Evidence for independent fate competition within B lymphocytes: CD40 signal strength regulates the rate of B cell differentiation to plasmablasts by altering their time to divide only

9 Jul 2018, 15:00
New Law School/--026 (University of Sydney)

New Law School/--026

University of Sydney

Oral Presentation Minisymposium: Mathematical and experimental approaches to understand immune response to infection Mathematical and experimental approaches to understand immune response to infection


Prof. Philip Hodgkin (Walter and Eliza Hall Institute)


During the adaptive immune response, T and B lymphocytes receive and integrate signals from different sources that determine the strength and type of response they follow. Here we asked how reducing stimulation strength through the CD40 receptor could lead to an accelerated division-linked B cell differentiation, as noted in an earlier study [Hawkins et al., Nat Comms 2014]. We observed using flow cytometry that reducing CD40 stimulation strength had two effects on B cell fates in vitro: it slowed down B cell division, and produced a greater proportion of differentiated plasmablasts in each subsequent generation. We studied this system with direct time-lapse imaging to observe division, death, and differentiation to Blimp-1+ plasmablasts, after 3-4 days in culture. We found that strength of stimulation by CD40 affected division times, as predicted, whereas times to die and times to differentiate to plasmablasts were unaffected. We could also show, by fitting mathematical models, that simple fate competition between division and differentiation could explain the accelerated differentiation by slowing division alone. Thus, our data suggest that weakly CD40 stimulated B cells divide slowly, and as a consequence, have more time to undergo differentiation before their next mitotic event. By understanding how different components of the B cell response are controlled and affected by regulatory signals, we aim to build up models of complex signal integration by cells that can predict net immune outcome. Successful models built in this way have many potential applications such as rational immunotherapy design.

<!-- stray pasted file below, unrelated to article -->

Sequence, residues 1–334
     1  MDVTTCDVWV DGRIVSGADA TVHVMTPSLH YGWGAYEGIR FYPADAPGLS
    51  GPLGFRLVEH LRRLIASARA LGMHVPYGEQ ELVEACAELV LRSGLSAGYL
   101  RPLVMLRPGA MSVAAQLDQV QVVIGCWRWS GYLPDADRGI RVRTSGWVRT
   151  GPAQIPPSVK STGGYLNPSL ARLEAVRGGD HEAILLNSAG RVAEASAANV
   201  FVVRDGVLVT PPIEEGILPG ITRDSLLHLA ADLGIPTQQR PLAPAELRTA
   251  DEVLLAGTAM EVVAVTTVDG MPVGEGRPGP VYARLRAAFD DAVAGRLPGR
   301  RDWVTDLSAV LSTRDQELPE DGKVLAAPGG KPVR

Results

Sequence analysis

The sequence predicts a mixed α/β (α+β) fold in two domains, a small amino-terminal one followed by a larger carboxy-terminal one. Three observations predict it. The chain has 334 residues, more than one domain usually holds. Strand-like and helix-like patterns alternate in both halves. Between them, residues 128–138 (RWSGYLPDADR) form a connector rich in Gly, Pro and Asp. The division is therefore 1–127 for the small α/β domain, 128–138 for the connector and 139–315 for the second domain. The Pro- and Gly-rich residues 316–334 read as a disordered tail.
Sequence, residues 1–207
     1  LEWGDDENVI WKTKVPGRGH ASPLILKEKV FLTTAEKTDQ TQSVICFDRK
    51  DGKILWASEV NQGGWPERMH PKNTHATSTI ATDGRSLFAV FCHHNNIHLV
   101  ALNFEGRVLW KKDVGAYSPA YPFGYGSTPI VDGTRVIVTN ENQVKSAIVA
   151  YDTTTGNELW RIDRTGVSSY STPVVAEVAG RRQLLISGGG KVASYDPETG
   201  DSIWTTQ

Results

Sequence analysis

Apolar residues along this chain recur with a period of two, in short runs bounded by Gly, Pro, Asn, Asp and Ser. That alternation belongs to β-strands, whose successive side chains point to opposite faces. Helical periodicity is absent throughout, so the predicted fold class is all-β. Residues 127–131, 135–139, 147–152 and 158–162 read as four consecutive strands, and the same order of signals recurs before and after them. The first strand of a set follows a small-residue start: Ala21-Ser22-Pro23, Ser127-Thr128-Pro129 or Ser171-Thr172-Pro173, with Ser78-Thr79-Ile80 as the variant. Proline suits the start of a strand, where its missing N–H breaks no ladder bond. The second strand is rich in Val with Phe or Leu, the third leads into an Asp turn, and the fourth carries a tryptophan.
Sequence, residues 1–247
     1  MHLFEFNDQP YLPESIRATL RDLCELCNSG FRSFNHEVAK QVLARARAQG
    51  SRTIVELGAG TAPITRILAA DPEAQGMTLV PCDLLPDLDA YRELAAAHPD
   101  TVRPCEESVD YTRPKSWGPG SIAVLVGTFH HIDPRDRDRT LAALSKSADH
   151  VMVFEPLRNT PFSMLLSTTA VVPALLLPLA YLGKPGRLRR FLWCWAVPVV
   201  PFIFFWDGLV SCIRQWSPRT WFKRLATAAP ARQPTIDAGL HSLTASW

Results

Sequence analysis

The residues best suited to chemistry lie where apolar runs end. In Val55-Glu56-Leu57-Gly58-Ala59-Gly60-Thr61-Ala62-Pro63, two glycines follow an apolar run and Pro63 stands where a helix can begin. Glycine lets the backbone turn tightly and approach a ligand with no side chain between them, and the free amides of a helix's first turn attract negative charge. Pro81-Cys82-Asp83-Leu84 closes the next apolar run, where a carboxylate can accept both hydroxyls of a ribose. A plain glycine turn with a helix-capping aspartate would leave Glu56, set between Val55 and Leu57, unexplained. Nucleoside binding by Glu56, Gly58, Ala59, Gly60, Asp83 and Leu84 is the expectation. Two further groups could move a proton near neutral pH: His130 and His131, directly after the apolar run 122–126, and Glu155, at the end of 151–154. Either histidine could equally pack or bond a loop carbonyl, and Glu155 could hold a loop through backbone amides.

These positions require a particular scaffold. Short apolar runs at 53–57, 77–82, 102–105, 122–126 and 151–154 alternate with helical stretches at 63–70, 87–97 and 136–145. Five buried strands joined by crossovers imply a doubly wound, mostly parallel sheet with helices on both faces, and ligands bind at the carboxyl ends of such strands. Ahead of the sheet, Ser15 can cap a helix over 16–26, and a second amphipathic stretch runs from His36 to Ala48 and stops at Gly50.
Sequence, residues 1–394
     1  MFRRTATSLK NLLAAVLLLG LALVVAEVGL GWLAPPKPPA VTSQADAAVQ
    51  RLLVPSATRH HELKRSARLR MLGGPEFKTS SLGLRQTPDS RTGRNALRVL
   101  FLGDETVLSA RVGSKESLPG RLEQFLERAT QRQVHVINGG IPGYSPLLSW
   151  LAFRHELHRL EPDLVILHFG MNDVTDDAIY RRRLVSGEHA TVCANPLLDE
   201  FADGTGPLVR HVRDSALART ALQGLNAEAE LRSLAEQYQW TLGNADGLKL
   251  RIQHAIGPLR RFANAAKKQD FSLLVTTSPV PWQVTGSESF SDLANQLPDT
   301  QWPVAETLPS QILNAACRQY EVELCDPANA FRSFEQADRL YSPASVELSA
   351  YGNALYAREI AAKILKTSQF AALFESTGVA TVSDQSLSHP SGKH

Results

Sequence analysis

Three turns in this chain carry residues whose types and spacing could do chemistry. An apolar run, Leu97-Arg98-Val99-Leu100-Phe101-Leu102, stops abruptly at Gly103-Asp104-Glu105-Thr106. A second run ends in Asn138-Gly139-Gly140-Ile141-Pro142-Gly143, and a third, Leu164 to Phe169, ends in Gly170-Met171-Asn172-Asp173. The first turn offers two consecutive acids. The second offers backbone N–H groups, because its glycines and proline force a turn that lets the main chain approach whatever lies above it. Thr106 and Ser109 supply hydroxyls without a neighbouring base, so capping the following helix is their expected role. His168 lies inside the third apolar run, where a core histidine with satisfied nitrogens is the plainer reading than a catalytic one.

Primary authors

Ms Jie Zhou (Walter and Eliza Hall Institute) Prof. Philip Hodgkin (Walter and Eliza Hall Institute)


Prof. Ken Duffy (Hamilton Institute, National University Ireland, Maynooth) Dr Andrey Kan (Walter and Eliza Hall Institute) Dr Edwin Hawkins (Walter and Eliza Hall Institute) Dr Mark Dowling (Walter and Eliza Hall Institute) Dr John Markham (Walter and Eliza Hall Institute)

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